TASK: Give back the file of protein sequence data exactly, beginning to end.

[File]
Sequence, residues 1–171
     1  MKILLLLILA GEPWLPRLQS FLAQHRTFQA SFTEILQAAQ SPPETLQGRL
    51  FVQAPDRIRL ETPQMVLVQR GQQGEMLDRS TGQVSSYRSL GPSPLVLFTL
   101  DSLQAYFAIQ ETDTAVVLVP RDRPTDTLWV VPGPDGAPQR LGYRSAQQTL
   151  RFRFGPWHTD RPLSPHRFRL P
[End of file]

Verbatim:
Sequence, residues 1–171
     1  MKILLLLILA GEPWLPRLQS FLAQHRTFQA SFTEILQAAQ SPPETLQGRL
    51  FVQAPDRIRL ETPQMVLVQR GQQGEMLDRS TGQVSSYRSL GPSPLVLFTL
   101  DSLQAYFAIQ ETDTAVVLVP RDRPTDTLWV VPGPDGAPQR LGYRSAQQTL
   151  RFRFGPWHTD RPLSPHRFRL P